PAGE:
As a family saga, the novel is very much the tale of an unhappy family. The men are mostly either drunkards and/or philanderers. The women are not exactly selfless either. One abandons her children, others resent them. Siblings are cruel to one another etc, etc. It’s one of those novels with few if any attractive characters. Some of the verbal humour is good, even very good, but the novel also contains some farce/slapstick humour which didn’t appeal to me.

All in all, a mixed bag, but I really liked the ending, which left me with a favourable impression.

Maciek

Kate Atkinson’s first novel won the Whitbread Book of the Year in 1995, beating such heavyweights as Salman Rushdie and his The Moor's Last Sigh. Behind the Scenes at the Museum us ab ambitious book: a sprawling saga which spans decades of events and covers several generations of characters.

Behind the Scenes at the Museum opens with the birth of its all-seeing narrator, Ruby Lennox, who begins her narration literally from conception (the first chapter begins with Ruby proclaiming "I exist! at the exact moment). The novel consists of 13 chapters, in each of which Ruby describes life of the Lennoxes, a middle-class English family from York, and their life in post-war Britain from 1951 to 1992. Each chapter is followed by a footnote, which consists of events being narrated from another perspective - Ruby's mother, Bunty, Nell, her grandmother, and the great grandmother, Alice. These footnotes - although non-chronological - provide additional information for certain characters' decisions, and explain some of the mysteries concerning missing relatives or family treasures.

With its large cast of characters and extensive timeline, Behind the Scenes at the Museum is also a social history of England in miniature, with the various Lennoxes and their acquaintances standing in for the ordinary people of Britain before, during, and after the War. Although Ruby is a charming and funny narrator, the story she tells is anything but - people make poor choices and suffer the consequences, dreaming of what might have been (such as Ruby's mother, Bunty, who is unhappy in her marriage to George, her father). Personal relationships are bleak and unfulfilling in this novel, and there are many deaths - both of people and animals. It's full of humor, but not in a funny ha-ha sort of way, but funny sad.

Still, it's a first novel and it shows. The amount of characters to keep track of is huge - we've got mothers, fathers, aunts, uncles, grandmothers, sisters, brothers, cousins, nieces...as the book progresses it becomes more and more difficult to keep track of them all, which is why a family tree included in each copy would be very helpful. With the introduction of each character the novel lost a bit of its initial momentum - Ruby's enthusiastic "I exist!", a proclamation of the beginning of something important and extraordinary turned into "I exist", a mundane and ordinary existence, filled with unhappiness and lost opportunities, where we're laughing only not to cry. Still, with each new character introduced and another unhappy relationship served on my plate I haven't either laughed or cried - because frankly, my dears, I ceased to give a damn.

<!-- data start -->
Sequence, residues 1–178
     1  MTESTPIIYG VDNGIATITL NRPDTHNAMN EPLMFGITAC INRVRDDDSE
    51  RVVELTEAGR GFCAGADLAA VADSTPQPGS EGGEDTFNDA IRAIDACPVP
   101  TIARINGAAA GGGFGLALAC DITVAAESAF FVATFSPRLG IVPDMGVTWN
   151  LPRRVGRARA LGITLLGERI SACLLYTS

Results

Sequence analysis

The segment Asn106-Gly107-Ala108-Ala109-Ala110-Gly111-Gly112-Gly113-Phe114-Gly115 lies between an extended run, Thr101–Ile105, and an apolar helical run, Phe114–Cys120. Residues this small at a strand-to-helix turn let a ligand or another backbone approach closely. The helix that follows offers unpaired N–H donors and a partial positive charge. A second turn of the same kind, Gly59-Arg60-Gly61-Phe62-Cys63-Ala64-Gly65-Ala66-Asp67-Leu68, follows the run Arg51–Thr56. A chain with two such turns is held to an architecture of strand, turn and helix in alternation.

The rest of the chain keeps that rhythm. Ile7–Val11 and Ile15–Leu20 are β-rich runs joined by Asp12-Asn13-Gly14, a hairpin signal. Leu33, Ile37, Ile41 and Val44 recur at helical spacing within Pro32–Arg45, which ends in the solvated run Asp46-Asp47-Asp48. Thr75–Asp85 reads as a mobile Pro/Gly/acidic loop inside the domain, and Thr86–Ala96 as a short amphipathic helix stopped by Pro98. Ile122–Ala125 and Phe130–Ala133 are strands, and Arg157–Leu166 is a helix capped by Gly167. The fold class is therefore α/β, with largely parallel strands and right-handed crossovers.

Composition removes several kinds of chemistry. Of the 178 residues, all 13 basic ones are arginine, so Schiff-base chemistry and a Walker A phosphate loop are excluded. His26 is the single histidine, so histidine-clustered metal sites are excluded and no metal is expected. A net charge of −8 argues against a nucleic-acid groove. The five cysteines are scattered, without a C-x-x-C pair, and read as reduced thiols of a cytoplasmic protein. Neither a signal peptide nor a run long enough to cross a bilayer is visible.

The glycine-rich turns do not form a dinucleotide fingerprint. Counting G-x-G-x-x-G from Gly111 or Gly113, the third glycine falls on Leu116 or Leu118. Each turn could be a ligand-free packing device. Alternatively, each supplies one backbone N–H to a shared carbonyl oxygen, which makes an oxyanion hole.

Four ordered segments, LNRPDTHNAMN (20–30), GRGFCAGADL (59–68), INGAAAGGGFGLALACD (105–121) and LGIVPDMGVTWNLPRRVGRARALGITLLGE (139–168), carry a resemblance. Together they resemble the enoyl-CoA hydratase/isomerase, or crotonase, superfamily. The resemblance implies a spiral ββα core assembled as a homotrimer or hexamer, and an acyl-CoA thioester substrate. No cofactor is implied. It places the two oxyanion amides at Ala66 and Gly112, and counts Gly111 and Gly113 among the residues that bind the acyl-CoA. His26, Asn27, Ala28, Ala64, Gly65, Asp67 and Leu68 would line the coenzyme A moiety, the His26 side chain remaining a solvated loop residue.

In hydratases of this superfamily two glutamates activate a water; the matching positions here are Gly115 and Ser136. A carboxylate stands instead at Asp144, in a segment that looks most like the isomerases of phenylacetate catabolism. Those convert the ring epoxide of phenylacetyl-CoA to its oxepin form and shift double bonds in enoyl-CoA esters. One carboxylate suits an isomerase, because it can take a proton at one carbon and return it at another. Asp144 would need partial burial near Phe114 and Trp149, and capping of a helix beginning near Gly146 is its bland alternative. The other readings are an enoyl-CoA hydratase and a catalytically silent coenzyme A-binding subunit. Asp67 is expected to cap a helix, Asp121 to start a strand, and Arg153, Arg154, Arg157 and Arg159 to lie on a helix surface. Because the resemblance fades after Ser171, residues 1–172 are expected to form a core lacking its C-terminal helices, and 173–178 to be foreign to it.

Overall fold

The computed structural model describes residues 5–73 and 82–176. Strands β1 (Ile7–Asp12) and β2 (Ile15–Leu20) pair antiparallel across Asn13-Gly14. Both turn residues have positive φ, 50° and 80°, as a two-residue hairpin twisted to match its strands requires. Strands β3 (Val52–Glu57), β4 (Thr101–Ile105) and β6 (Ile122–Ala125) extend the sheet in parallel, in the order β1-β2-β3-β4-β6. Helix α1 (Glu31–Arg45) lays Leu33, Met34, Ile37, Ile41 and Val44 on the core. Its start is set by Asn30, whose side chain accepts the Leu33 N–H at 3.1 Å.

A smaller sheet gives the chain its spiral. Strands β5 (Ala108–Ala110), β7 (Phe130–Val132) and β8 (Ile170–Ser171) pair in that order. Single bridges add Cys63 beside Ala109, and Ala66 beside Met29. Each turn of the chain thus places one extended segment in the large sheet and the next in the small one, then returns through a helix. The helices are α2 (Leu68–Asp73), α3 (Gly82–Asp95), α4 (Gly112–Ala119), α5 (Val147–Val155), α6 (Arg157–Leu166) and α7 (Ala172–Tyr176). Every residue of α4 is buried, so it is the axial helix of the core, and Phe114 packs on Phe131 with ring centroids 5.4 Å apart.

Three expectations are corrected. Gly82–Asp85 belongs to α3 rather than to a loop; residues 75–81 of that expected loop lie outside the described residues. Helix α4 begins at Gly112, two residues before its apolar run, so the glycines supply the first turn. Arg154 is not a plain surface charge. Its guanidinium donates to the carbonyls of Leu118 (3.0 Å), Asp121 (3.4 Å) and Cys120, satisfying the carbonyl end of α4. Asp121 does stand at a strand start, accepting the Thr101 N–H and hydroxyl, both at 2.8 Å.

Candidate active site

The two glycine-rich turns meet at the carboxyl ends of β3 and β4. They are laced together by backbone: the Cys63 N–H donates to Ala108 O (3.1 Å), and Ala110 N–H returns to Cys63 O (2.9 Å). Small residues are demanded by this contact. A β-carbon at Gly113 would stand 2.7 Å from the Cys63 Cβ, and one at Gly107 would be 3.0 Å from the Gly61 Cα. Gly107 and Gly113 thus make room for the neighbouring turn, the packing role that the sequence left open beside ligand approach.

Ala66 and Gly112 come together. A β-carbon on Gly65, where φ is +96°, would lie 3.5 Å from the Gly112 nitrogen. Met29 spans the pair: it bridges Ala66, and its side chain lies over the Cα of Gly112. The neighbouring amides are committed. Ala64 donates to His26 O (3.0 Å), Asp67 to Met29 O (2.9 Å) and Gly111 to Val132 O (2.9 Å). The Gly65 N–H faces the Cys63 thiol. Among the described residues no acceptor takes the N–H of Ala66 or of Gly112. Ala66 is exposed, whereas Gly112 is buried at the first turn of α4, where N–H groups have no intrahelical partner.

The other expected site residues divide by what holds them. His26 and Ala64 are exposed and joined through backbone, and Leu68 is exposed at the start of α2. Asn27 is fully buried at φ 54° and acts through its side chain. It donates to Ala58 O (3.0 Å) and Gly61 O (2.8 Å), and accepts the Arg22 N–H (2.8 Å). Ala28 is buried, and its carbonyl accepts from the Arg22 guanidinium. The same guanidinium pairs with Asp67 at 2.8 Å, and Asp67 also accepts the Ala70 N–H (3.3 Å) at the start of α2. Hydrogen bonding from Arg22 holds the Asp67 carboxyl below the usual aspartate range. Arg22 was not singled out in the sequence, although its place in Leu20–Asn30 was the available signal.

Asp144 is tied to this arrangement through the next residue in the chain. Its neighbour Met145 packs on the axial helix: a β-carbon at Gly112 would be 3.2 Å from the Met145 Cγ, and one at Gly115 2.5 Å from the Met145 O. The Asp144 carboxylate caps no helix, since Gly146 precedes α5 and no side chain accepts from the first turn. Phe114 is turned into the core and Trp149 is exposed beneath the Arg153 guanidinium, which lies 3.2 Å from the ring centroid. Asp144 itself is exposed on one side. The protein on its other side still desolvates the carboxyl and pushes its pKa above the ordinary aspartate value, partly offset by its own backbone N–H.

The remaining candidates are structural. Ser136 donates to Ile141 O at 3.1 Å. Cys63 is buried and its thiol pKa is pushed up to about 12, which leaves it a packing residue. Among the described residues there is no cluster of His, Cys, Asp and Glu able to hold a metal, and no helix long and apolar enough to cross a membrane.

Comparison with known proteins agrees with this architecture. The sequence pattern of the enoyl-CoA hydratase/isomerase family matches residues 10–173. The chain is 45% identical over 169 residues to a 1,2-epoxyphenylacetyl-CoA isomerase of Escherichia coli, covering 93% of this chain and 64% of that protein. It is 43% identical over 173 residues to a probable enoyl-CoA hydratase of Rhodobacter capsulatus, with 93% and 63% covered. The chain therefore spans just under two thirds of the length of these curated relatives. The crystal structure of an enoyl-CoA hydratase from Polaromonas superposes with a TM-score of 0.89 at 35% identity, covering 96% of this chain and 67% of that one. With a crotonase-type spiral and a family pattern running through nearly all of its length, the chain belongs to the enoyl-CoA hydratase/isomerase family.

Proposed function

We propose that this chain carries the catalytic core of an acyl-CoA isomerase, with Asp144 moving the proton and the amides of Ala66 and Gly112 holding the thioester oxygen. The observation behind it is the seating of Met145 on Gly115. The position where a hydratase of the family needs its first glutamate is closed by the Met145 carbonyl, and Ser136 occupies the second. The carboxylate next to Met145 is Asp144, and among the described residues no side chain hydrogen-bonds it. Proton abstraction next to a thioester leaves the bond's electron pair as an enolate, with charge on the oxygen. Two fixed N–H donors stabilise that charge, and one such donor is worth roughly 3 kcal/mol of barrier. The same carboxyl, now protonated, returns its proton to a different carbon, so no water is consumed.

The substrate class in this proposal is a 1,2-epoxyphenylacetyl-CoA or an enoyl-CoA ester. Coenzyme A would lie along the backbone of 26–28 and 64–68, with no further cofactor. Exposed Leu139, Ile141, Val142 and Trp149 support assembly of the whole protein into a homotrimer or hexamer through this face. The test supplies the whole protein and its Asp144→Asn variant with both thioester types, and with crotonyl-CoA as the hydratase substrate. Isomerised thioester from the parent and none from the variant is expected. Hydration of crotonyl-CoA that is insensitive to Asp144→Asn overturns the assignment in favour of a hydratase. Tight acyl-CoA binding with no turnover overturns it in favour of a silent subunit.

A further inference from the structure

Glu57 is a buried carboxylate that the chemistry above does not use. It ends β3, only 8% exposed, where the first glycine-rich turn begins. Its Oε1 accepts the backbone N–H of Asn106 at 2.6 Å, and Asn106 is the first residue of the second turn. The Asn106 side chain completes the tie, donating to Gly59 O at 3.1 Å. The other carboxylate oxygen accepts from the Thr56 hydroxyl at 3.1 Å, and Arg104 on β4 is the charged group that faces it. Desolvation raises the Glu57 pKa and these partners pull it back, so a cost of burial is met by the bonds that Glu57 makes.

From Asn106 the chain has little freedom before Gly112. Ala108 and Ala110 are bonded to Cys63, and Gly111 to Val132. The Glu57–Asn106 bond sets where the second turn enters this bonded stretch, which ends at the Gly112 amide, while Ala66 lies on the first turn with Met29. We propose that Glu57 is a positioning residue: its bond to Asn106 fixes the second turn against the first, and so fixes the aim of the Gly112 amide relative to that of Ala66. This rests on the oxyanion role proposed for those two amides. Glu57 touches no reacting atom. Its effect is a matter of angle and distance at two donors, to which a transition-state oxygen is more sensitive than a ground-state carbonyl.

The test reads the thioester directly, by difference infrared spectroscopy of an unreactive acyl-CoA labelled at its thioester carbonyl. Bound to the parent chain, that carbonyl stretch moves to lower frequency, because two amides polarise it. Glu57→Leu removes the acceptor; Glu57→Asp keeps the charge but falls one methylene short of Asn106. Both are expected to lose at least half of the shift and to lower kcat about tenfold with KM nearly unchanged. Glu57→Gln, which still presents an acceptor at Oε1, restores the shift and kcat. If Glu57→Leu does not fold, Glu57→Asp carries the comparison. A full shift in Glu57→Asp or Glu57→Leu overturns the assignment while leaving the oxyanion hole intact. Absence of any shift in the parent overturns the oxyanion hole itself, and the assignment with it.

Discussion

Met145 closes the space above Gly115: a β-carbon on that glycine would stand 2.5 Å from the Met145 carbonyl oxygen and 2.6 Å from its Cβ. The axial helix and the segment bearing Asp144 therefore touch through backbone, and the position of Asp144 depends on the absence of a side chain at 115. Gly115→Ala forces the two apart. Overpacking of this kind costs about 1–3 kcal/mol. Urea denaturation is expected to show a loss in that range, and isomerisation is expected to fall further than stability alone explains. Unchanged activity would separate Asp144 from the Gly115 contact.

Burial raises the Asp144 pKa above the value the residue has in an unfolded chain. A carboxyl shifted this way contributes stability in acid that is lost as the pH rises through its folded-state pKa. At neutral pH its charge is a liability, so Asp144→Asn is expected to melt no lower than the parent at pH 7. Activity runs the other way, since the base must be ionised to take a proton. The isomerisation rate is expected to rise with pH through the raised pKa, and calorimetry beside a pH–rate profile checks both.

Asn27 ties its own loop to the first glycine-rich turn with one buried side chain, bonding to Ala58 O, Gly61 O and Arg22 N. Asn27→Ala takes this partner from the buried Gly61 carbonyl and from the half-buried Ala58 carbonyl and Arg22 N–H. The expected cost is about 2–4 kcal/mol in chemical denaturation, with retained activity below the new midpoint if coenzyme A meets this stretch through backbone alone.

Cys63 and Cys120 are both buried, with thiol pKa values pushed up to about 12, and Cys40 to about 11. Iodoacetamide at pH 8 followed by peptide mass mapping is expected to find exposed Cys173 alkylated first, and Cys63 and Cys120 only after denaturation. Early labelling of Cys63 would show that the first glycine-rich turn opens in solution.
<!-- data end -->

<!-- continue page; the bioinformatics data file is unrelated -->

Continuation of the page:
Kim


My only experience of Kate Atkinson's writing until now has been three of the four novels in her Jackson Brodie series, which starts with Case Histories. Quirky is the obvious adjective to describe Atkinson's writing. It has lots of dry humour and sardonic wit, intricate plotting and random connections and coincidences deliberately used to advance the narrative. There's a certain flippancy in the tone which brings into sharp relief the often very serious themes with which Atkinson deals.

This is not a mystery novel, although it does have a mystery element. It's the story of Ruby Lennox, commencing with her conception and birth, which Ruby narrates*. I really love Ruby, who is smart, funny and insightful. Part of Ruby's charm, particularly when she is small, is her adult and very knowing voice. However, this is not just Ruby's story. At the end of each chapter dealing with Ruby's life is another chapter - a "footnote" - which deals with episodes in the life of Ruby's mother Bunty, her grandmother Nell and her great-grandmother Alice. The novel becomes a tale of dysfunctional families, of women who make poor choices when they marry and of difficult relationships between mothers and daughters. In the inter-linking of the stories of these women and the shifts backwards and forwards in time, the meaning of the title becomes clear. The "footnotes" explain things which the characters don't know about their past: the reason for a particular expression on the face of Ruby's great-grandmother in a family portrait, where an heirloom locket comes from, where an ancestor who disappeared actually went to. These are the mysteries which exist in all families. In addition to being a family history, there's also a sense in which this novel is a social history of 20th century England and in particular of the experiences of ordinary people during World War I and World War II.